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Local beer for local people

Britain’s Society of Independent Brewers Association (SIBA) says beer sales by of member companies are projected to show a 15% rise over the last year.

Why have the independents been able to buck the trend?

“It’s all about local beer for local people. There is a definite demand for cask beer if the right opportunities are presented to licensees,” said SIBA chairman Keith Bott.

The story from the Morning Advertiser doesn’t discuss if a CAMRA campaign launched two years ago – Local Beer for Local Pubs – has had an impact, but doesn’t it make sense that people like to drink a local beer?

Another example of why it sometimes makes a difference where a beer is from, and it also matters where it is enjoyed.

Does price equal quality?

A story by Paul de Grauwe in the Financial Times last week included this interesting study on the effects of pricing:

A few weeks ago an interesting experiment was undertaken at the Brussels food fair, a yearly affair where food lovers wander around among the many stalls stuffed with all imaginable delicacies. A stall was put up selling boxes of Belgian chocolates. The first day the price was set at Euros 9 for each box. Sales went well. The next day the price was raised to Euros 15 per box. Steeped in economic theory, you might think that demand now declined. Wrong. Demand doubled. On the third day the price was lowered to Euros 2 for each box. Demand for chocolates collapsed. What went wrong with the law of demand?

The explanation is given by psychologists. It is very difficult, if not impossible, for the consumer to find out the quality of chocolates by just looking at their appearance in the shop. When confronted with such uncertainty about the intrinsic value of things, consumers use simple rules of thumb that they understand. Psychologists call these “heuristics.” In this case, the price of the chocolates provides the rule of thumb.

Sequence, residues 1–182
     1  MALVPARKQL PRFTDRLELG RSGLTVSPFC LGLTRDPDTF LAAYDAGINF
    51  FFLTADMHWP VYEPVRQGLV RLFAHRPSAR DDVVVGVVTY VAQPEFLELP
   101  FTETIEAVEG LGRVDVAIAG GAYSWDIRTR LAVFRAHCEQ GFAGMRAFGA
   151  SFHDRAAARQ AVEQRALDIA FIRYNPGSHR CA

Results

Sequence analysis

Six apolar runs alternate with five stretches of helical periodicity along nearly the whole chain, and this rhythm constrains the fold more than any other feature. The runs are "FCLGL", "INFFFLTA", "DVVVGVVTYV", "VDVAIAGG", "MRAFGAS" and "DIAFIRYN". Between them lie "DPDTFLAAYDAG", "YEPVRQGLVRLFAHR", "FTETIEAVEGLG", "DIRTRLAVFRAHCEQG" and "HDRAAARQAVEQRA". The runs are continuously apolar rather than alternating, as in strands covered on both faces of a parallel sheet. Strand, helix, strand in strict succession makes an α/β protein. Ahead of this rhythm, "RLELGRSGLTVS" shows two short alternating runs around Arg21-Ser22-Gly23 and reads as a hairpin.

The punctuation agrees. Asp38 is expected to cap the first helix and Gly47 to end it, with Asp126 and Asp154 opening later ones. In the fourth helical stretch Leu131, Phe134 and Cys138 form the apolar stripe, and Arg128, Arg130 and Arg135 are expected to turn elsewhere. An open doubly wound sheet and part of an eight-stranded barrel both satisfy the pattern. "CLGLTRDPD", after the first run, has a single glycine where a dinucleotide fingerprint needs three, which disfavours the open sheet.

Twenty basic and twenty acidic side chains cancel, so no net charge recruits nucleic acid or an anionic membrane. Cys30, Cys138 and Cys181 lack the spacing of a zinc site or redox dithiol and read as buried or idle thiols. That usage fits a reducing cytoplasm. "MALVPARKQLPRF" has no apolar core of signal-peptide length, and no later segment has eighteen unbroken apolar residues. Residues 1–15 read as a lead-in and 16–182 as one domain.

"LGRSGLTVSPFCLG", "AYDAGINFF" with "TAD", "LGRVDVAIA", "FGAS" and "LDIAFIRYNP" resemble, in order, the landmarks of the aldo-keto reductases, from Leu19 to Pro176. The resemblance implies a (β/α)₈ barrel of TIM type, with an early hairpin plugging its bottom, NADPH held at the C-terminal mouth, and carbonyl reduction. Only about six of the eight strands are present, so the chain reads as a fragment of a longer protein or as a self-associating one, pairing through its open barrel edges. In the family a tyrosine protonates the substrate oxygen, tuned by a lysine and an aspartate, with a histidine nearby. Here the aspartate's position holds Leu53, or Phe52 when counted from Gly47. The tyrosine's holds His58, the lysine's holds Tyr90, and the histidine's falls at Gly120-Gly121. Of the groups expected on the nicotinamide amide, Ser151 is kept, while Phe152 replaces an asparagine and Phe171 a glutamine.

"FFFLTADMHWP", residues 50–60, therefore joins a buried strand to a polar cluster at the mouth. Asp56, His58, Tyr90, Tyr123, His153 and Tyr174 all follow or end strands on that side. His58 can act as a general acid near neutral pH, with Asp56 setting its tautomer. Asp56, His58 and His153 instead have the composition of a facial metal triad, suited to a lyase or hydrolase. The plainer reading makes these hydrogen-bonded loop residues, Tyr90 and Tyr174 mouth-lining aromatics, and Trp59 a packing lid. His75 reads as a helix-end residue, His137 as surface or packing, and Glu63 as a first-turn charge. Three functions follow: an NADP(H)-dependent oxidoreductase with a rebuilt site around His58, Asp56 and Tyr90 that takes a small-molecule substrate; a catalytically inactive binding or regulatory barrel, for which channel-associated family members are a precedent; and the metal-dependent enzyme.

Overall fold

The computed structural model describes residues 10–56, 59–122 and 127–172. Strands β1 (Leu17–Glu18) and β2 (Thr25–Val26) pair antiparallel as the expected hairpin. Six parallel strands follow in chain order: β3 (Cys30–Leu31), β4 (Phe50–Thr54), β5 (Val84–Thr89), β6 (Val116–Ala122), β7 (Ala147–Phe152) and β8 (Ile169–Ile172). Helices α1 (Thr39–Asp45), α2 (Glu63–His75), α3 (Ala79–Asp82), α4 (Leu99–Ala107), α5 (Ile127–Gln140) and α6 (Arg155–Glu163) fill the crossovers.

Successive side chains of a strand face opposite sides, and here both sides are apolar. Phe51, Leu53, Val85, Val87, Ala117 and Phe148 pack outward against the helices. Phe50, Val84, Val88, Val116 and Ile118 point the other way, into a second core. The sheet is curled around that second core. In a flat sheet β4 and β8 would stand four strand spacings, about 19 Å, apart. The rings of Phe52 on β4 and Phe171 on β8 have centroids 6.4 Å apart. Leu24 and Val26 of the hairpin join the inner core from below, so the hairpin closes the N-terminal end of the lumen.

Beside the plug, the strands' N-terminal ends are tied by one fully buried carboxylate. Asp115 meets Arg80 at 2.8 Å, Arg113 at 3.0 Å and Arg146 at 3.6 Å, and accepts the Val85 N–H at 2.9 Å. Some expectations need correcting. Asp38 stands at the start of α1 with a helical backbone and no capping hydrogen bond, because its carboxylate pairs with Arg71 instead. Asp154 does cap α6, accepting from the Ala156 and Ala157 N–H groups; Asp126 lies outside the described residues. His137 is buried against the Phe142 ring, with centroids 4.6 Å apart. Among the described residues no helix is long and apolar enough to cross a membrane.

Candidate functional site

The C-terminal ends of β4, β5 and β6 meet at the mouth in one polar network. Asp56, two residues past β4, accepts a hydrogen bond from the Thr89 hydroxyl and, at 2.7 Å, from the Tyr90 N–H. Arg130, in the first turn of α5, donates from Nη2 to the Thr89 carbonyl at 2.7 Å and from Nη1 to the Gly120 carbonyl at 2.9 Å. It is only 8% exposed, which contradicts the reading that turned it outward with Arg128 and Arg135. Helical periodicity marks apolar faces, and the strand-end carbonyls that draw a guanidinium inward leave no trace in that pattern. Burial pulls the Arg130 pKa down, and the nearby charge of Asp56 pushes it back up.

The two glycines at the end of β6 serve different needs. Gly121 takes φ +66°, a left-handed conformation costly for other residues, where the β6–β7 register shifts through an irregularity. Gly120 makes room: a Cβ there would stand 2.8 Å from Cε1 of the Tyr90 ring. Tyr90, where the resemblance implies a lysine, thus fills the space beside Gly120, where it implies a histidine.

Most consumers have some experience that allows them to associate high price with high quality. It is not always like that, but on average it probably is. Thus when looking at the Euros 15 box the consumers infer that the high price reflects high quality and they buy the chocolates. Consumers who see the boxes priced at Euros 2 infer that the quality of these chocolates is not to be trusted, and they do not buy them. The law of demand is turned upside down.

Stephen Beaumont made this same point in a story I wrote for All About Beer Magazine last summer – How much should you pay for beer?, saying:

“To the American consumer in particular, price tends to equal quality. Charging higher prices for beer is a) a means of garnering respect from the average consumer; b) a path out of the cheap six-pack ghetto of mainstream beers and a point of differentiation; and c) a way to reflect the quality of ingredients, rarity and amount of knowledge, effort and risk that goes into the creation of some beers.”

I agree that many better quality beers are underpriced, but I can’t agree that price is a reliable indicator of the quality of a beer.

So what’s a beer drinker to do? Sometimes you can turn to critics before buying a more expensive beer, if you trust them and they’ve had the particular beer you are considering. (Note, I occasionally fill the role of critic, but we’re only talking about tasting four beers every other month of All About Beer Magazine.)